Famous Quotes About Overs
Browse 1909 famous quotes and sayings about Overs.
Top Quotes About Overs
251. "When I watch the living meet,And the moving pageant fileWarm and breathing through the streetWhere I lodge a little while,If the heats of hate and lustIn the house of flesh are strong,Let me mind the house of dustWhere my sojourn shall be long.In the nation that is notNothing stands that stood before;There revenges are forgot,And the hater hates no more;Lovers lying two and twoAsk not whom they sleep beside,And the bridegroom all night throughNever turns him to the bride."
Author: A.E. Housman
252. "If we would find God amid all the religious externals we must first determine to find Him, and then proceed in the way of simplicity. Now as always God discovers Himself to "babes" and hides Himself in thick darkness from the wise and the prudent. We must simplify our approach to Him. We must strip down to essentials (and they will be found to be blessedly few). We must put away all effort to impress, and come with the guileless candor of childhood. If we do this, without doubt God will quickly respond."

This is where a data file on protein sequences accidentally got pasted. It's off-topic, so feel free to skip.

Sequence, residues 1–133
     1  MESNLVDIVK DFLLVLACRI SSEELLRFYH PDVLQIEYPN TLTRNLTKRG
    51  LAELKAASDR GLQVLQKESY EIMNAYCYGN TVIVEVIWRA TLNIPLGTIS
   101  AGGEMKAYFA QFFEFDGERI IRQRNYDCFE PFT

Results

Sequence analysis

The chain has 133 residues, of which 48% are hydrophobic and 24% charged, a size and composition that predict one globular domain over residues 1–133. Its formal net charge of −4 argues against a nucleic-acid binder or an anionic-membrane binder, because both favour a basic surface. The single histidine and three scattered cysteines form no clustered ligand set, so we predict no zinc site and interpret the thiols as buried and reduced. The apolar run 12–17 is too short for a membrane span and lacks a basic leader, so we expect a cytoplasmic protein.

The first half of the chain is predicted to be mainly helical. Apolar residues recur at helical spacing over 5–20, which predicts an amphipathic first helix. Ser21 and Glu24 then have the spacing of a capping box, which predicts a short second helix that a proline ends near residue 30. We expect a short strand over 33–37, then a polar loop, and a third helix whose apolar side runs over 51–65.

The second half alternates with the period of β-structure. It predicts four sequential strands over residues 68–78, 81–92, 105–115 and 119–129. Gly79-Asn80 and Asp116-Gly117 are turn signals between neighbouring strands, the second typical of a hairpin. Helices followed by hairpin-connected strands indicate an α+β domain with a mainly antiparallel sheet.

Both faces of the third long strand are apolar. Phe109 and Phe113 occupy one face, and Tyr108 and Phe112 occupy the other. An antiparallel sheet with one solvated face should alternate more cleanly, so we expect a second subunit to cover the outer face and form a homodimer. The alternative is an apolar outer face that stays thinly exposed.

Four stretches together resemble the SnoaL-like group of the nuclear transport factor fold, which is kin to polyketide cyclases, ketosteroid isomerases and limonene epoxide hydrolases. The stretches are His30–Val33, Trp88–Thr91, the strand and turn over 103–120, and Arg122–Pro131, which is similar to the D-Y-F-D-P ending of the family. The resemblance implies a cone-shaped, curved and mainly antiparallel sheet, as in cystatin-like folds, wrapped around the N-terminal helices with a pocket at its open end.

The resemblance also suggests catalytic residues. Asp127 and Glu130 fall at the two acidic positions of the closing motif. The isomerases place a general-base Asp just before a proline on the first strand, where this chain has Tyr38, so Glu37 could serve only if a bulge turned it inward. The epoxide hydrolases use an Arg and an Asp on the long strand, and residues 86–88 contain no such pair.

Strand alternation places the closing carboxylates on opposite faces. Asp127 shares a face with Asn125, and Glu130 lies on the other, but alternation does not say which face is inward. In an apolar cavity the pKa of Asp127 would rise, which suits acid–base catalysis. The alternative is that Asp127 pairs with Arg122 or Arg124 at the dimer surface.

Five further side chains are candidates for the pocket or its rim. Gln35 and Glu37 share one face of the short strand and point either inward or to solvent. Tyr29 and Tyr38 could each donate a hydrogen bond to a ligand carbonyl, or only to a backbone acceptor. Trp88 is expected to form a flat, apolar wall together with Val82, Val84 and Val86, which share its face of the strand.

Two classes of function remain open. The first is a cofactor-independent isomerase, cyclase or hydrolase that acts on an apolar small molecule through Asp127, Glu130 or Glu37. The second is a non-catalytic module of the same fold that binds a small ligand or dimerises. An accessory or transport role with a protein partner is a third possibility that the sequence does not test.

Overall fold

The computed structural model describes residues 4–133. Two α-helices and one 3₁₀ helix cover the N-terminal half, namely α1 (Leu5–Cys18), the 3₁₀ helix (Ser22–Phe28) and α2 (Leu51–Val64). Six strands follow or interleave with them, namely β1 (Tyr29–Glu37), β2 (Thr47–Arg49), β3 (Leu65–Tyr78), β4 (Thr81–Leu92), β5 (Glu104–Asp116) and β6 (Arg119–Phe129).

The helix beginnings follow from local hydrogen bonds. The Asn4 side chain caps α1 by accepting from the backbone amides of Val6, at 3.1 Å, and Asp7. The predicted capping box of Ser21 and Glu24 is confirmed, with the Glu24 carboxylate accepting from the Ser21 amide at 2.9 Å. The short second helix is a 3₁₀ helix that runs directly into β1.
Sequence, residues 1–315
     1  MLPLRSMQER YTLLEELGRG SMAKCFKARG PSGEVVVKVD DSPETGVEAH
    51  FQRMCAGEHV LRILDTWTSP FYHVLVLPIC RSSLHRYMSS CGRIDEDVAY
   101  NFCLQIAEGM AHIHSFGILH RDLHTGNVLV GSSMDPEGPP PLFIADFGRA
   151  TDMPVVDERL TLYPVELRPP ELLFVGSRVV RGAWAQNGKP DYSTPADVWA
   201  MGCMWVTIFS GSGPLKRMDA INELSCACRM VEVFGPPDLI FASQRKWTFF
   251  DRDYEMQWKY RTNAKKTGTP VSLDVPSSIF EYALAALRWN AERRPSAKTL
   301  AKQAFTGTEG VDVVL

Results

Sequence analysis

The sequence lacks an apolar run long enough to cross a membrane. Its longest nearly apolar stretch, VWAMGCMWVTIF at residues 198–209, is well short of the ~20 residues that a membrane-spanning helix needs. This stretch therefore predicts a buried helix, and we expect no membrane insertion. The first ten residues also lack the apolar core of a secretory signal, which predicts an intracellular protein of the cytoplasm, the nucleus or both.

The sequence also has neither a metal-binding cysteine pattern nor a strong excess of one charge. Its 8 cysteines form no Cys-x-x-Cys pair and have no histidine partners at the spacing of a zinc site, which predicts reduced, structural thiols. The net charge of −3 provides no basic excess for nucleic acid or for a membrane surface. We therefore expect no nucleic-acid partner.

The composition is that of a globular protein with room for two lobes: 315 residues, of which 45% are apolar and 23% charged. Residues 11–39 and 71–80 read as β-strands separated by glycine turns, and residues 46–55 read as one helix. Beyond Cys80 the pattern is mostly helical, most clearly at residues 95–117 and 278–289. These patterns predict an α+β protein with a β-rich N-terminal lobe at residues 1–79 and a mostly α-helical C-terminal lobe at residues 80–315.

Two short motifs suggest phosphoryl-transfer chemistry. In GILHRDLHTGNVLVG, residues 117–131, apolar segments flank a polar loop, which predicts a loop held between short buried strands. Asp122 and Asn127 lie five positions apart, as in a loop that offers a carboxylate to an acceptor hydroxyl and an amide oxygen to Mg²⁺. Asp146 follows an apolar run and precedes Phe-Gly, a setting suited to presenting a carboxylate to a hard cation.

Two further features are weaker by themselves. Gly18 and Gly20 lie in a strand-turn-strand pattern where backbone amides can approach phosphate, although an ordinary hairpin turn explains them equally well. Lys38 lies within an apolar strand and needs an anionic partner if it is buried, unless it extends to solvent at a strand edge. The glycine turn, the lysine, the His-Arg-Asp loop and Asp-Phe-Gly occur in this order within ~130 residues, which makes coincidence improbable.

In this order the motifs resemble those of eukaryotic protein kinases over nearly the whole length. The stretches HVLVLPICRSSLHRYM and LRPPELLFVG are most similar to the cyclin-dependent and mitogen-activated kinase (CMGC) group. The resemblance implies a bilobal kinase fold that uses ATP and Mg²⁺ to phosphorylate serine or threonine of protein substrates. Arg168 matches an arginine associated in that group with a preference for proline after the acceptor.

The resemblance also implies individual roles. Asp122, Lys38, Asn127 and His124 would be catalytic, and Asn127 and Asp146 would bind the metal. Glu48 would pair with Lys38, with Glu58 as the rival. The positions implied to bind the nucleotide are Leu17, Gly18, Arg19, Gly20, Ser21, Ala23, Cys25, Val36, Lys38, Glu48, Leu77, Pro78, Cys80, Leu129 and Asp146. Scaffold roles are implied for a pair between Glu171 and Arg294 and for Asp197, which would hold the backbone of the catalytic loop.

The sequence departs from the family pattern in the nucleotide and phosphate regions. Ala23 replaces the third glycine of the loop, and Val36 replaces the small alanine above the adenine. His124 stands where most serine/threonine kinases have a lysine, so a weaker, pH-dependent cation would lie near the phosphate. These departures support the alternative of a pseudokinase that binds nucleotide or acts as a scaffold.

Author: A.W. Tozer
253. "I'm an enemy of exposition. I feel there's no need to overstate."
Author: Anson Mount
254. "As a rule, however fine and deep a phrase may be, it only affects the indifferent, and cannot fully satisfy those who are happy or unhappy; that is why dumbness is most often the highest expression of happiness or unhappiness; lovers understand each other better when they are silent, and a fervent, passionate speech delivered by the grave only touches outsiders, while to the widow and children of the dead man it seems cold and trivial."
Author: Anton Chekhov
255. "Leo hurried up to bed and hid under the covers. Under the covers he thought his life through. Although he soon fell asleep he could not sleep her out of his mind. He woke, beating his breast. Though he prayed to be rid of her, his prayers went unanswered. Through days of torment he endlessly struggled not to love her; fearing success, he escaped it. He then concluded to convert her to goodness, himself to God. The idea alternately nauseated and exalted him."